The kanji 折 has a bushu tehen “hand.” Its origin had no relation to a hand. Instead it was miscopied later on. (a) and (b) in oracle bone style had two separate plants that were placed vertically, and an axe was hitting as if it were separating or cutting the plants. They signified plants that were cut short. From that it meant “to break; bend; fold.” This component of “two separate short plants” remained throughout bronze ware style writings, (c) and (d). But in (e) in ten style the two short plants were connected and became a tehen. Setsumon also gave (f) as its ten style. (f) has two separate plants on the left side, which reflected earlier writing. The kanji 折 means “to break; bend; fold.” When a break happens, it creates a new occasion, so it also means “time; occasion.”
The kun-yomi 折る /o’ru/ means “to fold; break,” and the intransitive verb 折れる /ore’ru/ means “to bend; break; give in.” It is also in 折り(“occasion; opportunity” /ori’/), as in その折りに (“on that occasion” /sono-ori’ni/), 指折りの (“leading” /yubiori-no/) and 折り紙 (“origami folding paper” /ori’gami/). The on-yomi /se’tsu/ is in 折角 (“with much trouble; with special kindness” /sekkaku/), 屈折する (“to bend; twist” /kussetsu-suru/) and 左折禁止 (“No left turn” –a traffic sign /sasetsukinshi/).
The kanji 逝 “to pass away; death”
The kanji 逝 has a bushu shinnyoo “to move forward.” 折 was used phonetically for /se’e/. The kanji 逝 meant “to go; pass on; die.”
The kun-yomi /yuku/ means “to die; pass on.” The on-yomi /se’e/ is in 逝去 (“death; demise” /se’ekyo/), usually considered to be an honorific word. It is also in 急逝 (“sudden demise; unexpected death” /kyuusee/), which is less direct than 急死 /kyuushi/.
The kanji 哲 “wisdom”
Adding口, a” mouth,” under 折 makes the kanji 哲. For this, it is explained as “decisively talking; to talk clearly,” thus “cleaver; smart.” But when we look at the bronze ware style writings, (a) and (b), we wonder whether there must have been more than speaking, because it had a 心 “heart” at the bottom. Could it be that one reflected deeply in order to see things fall into place as if they were cut decisively? In fact Setsumon also gave (d), which had a heart, rather than a mouth, as an alternative writing. The kani 哲 means “wisdom.”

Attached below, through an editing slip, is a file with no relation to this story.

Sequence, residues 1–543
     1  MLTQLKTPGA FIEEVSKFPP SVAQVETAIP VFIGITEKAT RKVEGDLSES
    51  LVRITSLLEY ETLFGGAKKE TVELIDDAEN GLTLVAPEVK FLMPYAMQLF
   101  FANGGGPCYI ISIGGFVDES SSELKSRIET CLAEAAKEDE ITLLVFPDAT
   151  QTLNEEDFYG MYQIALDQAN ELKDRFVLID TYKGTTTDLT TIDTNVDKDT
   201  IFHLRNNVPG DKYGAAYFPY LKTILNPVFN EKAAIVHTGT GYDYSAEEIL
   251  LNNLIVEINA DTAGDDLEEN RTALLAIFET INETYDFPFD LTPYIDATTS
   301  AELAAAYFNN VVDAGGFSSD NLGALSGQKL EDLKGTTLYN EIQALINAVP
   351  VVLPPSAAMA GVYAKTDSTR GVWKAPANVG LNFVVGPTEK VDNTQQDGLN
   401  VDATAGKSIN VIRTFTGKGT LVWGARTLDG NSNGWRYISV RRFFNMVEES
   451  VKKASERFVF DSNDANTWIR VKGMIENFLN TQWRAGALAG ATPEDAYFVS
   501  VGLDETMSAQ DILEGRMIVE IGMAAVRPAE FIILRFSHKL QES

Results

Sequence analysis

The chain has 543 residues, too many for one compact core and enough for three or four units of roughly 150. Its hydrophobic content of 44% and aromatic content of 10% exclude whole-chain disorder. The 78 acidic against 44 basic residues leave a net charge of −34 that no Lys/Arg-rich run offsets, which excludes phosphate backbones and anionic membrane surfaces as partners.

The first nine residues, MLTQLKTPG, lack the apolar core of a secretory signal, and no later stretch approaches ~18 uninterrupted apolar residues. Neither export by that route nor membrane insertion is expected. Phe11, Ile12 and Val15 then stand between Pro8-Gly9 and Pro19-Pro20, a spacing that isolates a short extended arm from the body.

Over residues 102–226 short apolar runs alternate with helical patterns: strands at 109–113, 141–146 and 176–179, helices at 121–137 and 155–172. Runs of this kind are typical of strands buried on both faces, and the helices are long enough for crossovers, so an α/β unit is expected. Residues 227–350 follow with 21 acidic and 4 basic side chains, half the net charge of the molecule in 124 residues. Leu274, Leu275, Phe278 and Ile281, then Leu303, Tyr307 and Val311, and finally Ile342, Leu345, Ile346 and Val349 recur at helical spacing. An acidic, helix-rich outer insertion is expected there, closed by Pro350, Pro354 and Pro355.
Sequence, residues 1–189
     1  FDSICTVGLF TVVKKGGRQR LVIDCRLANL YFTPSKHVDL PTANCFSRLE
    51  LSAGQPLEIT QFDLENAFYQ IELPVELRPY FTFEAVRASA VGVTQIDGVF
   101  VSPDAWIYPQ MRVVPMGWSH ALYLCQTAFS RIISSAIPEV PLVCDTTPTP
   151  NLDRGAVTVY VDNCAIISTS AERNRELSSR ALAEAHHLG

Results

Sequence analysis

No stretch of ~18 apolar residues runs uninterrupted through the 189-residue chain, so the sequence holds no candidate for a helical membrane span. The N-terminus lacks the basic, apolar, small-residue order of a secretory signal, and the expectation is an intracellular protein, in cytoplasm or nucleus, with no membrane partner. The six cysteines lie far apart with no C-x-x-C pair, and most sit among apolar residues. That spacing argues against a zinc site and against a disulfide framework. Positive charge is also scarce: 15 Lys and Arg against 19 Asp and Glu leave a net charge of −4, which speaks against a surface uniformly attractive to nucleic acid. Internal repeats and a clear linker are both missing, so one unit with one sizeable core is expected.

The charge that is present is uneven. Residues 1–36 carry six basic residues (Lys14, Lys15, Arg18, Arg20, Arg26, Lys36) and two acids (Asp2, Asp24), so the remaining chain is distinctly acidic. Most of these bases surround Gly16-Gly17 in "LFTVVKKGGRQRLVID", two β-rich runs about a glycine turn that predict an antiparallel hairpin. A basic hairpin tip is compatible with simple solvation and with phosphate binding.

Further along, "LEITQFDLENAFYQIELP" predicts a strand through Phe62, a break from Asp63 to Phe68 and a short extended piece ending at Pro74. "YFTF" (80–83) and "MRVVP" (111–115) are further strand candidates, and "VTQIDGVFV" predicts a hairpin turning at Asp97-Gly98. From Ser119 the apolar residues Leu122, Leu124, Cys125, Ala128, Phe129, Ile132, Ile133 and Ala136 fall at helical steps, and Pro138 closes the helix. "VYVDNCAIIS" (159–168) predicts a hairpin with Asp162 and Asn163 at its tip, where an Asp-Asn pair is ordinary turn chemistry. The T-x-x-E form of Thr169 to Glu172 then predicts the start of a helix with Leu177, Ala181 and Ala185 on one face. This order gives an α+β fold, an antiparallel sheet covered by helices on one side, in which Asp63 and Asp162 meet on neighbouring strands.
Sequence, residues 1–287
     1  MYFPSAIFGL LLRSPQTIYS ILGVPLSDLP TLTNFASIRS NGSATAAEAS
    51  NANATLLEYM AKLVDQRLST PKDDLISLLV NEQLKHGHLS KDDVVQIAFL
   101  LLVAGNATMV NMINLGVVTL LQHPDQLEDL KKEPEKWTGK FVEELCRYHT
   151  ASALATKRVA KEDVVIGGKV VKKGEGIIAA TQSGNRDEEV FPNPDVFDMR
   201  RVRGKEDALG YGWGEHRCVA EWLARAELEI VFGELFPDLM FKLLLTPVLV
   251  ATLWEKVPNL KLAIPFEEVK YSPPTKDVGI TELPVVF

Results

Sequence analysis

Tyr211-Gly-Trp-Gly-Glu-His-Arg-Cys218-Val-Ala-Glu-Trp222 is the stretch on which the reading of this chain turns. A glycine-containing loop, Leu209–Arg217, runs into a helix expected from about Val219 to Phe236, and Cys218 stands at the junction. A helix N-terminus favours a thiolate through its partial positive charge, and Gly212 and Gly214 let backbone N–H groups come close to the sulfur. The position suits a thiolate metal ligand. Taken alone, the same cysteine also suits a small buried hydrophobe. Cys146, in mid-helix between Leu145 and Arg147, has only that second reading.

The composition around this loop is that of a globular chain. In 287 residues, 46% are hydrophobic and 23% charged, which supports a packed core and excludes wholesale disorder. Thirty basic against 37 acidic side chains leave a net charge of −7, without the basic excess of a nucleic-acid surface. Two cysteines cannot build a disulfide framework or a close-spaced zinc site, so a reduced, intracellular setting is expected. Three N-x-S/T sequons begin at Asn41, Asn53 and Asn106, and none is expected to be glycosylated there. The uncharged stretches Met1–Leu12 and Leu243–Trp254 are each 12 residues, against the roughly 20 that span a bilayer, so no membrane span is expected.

There is no kun-yomi. The on-yomi /tstsu/ is in 哲学 (“philosophy” /tetsu’gaku/) and 哲人 (“great thinker; philosopher” /tetsujin/).
The kanji 誓 “to vow; pledge; promise”
When you add 言 “word” under 折 “to break; bend,” you get the kanji 誓 “to vow; pledge; promise.” 折 was used phonetically for /se’e/. The left side of (a) in bronze ware style was a tattooing needle and a mouth, which was the origin of 言 “word; saying”, and plants at the top. The right side was an axe. (b) contained the same components, in a different arrangement. Together they meant “to vow; pledge; promise.”
The kun-yomi 誓う /chika’u/ means “to swear; vow; pledge.” The on-yomi /se’e/ is in 誓約書 (“written pleadge; covenant” /seeyakusho/) and 選手宣誓 (“athlete’s oath of fair play” /se’nshu sensee/) at the opening of a sport event.
There are several more kanji that contain 斤, so let us continue this topic in the next post. [November 27, 2016]